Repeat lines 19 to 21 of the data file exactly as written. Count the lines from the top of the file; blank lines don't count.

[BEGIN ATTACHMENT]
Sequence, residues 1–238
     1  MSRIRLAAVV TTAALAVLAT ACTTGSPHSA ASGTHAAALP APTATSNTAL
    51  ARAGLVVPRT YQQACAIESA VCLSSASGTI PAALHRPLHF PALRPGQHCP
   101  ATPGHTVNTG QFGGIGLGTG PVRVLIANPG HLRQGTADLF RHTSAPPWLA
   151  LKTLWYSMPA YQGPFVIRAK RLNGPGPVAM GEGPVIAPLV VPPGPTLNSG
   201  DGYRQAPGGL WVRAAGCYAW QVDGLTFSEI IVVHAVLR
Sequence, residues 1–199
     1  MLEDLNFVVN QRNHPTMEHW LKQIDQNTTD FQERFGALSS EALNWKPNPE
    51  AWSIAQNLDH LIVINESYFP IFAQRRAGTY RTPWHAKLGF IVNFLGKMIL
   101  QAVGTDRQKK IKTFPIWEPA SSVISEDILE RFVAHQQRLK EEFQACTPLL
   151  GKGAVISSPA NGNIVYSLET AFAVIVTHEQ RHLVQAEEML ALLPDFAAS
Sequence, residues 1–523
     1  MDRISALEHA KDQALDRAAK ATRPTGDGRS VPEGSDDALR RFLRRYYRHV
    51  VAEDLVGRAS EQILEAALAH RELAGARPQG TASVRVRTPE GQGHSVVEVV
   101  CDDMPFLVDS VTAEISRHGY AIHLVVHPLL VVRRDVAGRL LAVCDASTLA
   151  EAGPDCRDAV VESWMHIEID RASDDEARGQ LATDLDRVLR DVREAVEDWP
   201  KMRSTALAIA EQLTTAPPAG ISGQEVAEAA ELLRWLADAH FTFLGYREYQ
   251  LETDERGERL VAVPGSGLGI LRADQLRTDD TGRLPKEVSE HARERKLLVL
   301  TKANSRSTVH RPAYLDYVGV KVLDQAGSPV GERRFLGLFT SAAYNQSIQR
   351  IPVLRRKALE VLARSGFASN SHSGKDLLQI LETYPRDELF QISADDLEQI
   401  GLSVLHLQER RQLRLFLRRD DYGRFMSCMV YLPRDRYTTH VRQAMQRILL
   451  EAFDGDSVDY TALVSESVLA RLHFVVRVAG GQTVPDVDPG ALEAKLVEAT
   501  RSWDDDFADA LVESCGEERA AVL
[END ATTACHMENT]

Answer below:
   301  TKANSRSTVH RPAYLDYVGV KVLDQAGSPV GERRFLGLFT SAAYNQSIQR
   351  IPVLRRKALE VLARSGFASN SHSGKDLLQI LETYPRDELF QISADDLEQI
   401  GLSVLHLQER RQLRLFLRRD DYGRFMSCMV YLPRDRYTTH VRQAMQRILL